Slo Mo: A Podcast with Mo Gawdat

Dr. Edith Eger (Part 1) - Surviving the Holocaust and Healing the Pain

October 07, 2020 Mo Gawdat and Dr. Edith Eger Season 1 Episode 50
Slo Mo: A Podcast with Mo Gawdat
Dr. Edith Eger (Part 1) - Surviving the Holocaust and Healing the Pain
Chapters
Slo Mo: A Podcast with Mo Gawdat
Dr. Edith Eger (Part 1) - Surviving the Holocaust and Healing the Pain
Oct 07, 2020 Season 1 Episode 50
Mo Gawdat and Dr. Edith Eger

At the age of sixteen, Dr. Edith Eger, a trained ballet dancer and gymnast, was sent to Auschwitz. Hours after her parents were sent to the gas chamber, the “Angel of Death,” Nazi officer Dr. Josef Mengele forced Edith to dance for his amusement and her survival. He rewarded her with a loaf of bread that she shared with her fellow prisoners, an act of generosity that would later save her life.

On May 4, 1945 a young American soldier noticed Edith's hand moving slightly amongst a number of dead bodies. He quickly summoned medical help and brought her back from the brink of death. Today, Edith is a prolific author, a clinical psychologist, and holds a faculty appointment at the University of California, San Diego.

Every story I've heard on Slo Mo has left an impact me, but Edith's is the first to make me openly cry while recording. Listening to what happened to her and her family at Auschwitz is unimaginably heartbreaking. And yet, taking in Edith's words on how she moved past the pain both during and after the heinous events, showing almost impossible levels of compassion for her inmates while herself starving, and later forgiving the evils of her captors, hit me like a spiritual experience. I love this woman, and this may just be the most powerful episode of our podcast yet.

In Part 1, we discuss:

  • How Edith's mom praised Edith's brains as making up for her lack of beauty (not true)
  • Taking care of her mom as child, giving her stronger inner resources and patience
  • Revisiting our childhoods and healing the pain
  • How she forgave the Nazis who joked about her mother burning 
  • That we are not born with hate, but learn it
  • Edith's plea to always question authority rather than blindly adhere to it
  • The true enemy: ignorance
  • "The spirit never dies."
  • How we do everything with feelings, except feel them!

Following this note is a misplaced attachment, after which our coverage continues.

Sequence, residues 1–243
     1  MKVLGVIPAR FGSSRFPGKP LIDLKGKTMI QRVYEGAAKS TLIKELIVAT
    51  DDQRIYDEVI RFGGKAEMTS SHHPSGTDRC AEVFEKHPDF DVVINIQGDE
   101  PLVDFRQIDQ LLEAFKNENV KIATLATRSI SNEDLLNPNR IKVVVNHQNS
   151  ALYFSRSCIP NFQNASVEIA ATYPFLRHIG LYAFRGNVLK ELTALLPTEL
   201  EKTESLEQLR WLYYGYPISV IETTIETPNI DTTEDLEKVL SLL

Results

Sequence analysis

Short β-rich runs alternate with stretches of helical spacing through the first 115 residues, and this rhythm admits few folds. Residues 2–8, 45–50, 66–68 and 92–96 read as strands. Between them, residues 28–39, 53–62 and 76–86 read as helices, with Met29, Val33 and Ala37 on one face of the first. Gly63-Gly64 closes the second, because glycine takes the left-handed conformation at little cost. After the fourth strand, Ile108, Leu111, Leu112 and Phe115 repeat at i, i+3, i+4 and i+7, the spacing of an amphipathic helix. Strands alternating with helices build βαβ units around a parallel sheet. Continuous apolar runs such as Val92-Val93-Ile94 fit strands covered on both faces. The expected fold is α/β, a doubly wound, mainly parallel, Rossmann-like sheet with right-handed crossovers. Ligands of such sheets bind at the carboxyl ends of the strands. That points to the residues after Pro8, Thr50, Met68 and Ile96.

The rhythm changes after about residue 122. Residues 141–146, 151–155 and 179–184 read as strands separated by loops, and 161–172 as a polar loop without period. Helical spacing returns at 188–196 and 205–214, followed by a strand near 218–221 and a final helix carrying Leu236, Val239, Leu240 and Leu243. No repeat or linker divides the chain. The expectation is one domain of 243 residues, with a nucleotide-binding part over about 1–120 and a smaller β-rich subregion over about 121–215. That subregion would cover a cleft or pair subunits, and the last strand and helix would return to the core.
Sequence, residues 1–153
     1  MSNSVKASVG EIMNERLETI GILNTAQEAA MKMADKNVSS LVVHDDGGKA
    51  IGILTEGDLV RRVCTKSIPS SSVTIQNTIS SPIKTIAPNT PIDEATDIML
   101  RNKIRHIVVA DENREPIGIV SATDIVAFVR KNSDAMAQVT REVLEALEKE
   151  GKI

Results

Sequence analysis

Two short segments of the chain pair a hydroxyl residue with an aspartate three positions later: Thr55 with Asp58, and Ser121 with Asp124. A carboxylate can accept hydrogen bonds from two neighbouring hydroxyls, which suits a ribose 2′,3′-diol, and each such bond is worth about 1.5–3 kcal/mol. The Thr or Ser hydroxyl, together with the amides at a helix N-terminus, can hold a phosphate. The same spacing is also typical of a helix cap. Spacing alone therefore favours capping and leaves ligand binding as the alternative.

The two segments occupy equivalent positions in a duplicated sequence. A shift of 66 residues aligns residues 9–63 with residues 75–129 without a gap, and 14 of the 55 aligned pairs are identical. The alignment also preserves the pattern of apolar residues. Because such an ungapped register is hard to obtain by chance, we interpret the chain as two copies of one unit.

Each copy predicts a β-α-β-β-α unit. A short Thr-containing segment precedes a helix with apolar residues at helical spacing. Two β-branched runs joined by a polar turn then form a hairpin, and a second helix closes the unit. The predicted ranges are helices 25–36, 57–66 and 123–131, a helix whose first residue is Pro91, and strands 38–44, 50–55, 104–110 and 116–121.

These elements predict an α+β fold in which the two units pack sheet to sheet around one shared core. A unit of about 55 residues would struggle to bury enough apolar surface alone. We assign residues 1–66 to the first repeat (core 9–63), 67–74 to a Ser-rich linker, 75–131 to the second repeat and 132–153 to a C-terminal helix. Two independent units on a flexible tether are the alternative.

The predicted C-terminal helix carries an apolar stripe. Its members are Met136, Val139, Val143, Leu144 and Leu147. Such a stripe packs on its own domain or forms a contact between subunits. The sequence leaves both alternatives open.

• The healing power of crying
  • The argument that America is ripe for fascism
  • The effects of telling a lie and repeating it on a society
  • How she danced for the Angel of Death and shared her reward with others that later saved her life
  • Practicing your low frustration tolerance
  • A story of papaya and the chain of joy

Instagram: @mo_gawdat
Facebook: /solveforhappy, /onebillionhappy
LinkedIn: /in/mogawdat
Connect with Dr. Edith Eger on Facebook @dreditheger, Twitter @dreditheger1, Instagram @dr.editheger, and her website, dreditheger.com

Don't forget to subscribe to Slo Mo for new episodes every Sunday and Thursday. Only with your help can we reach One Billion Happy #onebillionhappy

Show Notes

At the age of sixteen, Dr. Edith Eger, a trained ballet dancer and gymnast, was sent to Auschwitz. Hours after her parents were sent to the gas chamber, the “Angel of Death,” Nazi officer Dr. Josef Mengele forced Edith to dance for his amusement and her survival. He rewarded her with a loaf of bread that she shared with her fellow prisoners, an act of generosity that would later save her life.

On May 4, 1945 a young American soldier noticed Edith's hand moving slightly amongst a number of dead bodies. He quickly summoned medical help and brought her back from the brink of death. Today, Edith is a prolific author, a clinical psychologist, and holds a faculty appointment at the University of California, San Diego.

Every story I've heard on Slo Mo has left an impact me, but Edith's is the first to make me openly cry while recording. Listening to what happened to her and her family at Auschwitz is unimaginably heartbreaking. And yet, taking in Edith's words on how she moved past the pain both during and after the heinous events, showing almost impossible levels of compassion for her inmates while herself starving, and later forgiving the evils of her captors, hit me like a spiritual experience. I love this woman, and this may just be the most powerful episode of our podcast yet.

In Part 1, we discuss:

  • How Edith's mom praised Edith's brains as making up for her lack of beauty (not true)
  • Taking care of her mom as child, giving her stronger inner resources and patience
  • Revisiting our childhoods and healing the pain
  • How she forgave the Nazis who joked about her mother burning 
  • That we are not born with hate, but learn it
  • Edith's plea to always question authority rather than blindly adhere to it
  • The true enemy: ignorance
  • "The spirit never dies."
  • How we do everything with feelings, except feel them!
  • The healing power of crying
  • The argument that America is ripe for fascism
  • The effects of telling a lie and repeating it on a society
  • How she danced for the Angel of Death and shared her reward with others that later saved her life
  • Practicing your low frustration tolerance
  • A story of papaya and the chain of joy

Instagram: @mo_gawdat
Facebook: /solveforhappy, /onebillionhappy
LinkedIn: /in/mogawdat
Connect with Dr. Edith Eger on Facebook @dreditheger, Twitter @dreditheger1, Instagram @dr.editheger, and her website, dreditheger.com

Don't forget to subscribe to Slo Mo for new episodes every Sunday and Thursday. Only with your help can we reach One Billion Happy #onebillionhappy